In ‘Christian Legal Society v. Martinez’, the United Sates Supreme Court addressed the question of whether Hastings College of Law, a public institution, could deny recognition to a religious student organization that required its officers and voting members to hold certain religious viewpoints. Does the inclusive mission of a public university require or prohibit recognition of exclusive organizations expressing religious beliefs? Forty advocacy organizations of various stripes filed friend of the court briefs on behalf of either position, which suggests the significance of the issue. This case presented a unique challenge because the Court was forced to balance the students’ constitutional rights of free exercise of religion and of association against the university’s constitutional prohibitions against favoring a particular religious viewpoint or discriminating against other viewpoints or classes of individuals. Given this clash of conflicting constitutional interests, one can certainly sympathize with Justice Breyer, who wondered aloud at oral arguments, “What do I do with this case?” This paper will attempt to answer that question.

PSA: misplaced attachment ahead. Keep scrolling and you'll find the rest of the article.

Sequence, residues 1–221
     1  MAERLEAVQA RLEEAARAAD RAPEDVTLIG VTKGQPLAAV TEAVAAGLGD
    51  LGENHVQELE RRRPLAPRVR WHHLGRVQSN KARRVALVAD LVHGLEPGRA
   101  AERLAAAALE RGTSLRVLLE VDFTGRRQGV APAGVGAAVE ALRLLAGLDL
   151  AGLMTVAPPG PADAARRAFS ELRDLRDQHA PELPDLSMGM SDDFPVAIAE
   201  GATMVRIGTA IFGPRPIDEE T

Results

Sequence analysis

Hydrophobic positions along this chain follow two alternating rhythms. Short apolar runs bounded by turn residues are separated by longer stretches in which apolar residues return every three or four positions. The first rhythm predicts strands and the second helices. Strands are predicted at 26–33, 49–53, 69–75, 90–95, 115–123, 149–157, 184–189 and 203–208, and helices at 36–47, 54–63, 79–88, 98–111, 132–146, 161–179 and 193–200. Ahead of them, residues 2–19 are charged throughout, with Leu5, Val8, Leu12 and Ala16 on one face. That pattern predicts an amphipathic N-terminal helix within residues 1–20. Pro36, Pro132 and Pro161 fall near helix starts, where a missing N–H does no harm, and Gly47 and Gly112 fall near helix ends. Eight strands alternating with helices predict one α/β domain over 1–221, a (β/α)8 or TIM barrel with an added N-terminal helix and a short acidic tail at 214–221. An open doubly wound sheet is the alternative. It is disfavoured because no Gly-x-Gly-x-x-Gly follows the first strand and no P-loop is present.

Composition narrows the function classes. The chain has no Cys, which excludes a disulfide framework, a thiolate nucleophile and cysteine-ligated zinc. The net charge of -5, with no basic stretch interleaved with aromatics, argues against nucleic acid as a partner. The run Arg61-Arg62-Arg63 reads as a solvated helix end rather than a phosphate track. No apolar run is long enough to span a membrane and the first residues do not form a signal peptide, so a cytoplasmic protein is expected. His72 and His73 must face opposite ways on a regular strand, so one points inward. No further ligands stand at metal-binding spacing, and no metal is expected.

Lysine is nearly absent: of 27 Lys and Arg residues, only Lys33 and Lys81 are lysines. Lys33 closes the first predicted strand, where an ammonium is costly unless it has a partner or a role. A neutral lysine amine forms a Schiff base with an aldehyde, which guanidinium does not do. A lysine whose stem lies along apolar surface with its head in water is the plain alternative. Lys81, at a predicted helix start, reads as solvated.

|Keywords:||Religious Freedom, Separation of Church and State, Constitutional Rights, Religion and Higher Education|
Academic Coordinator and Lecturer, School of Continuing Studies, Northwestern University, Chicago, IL, USA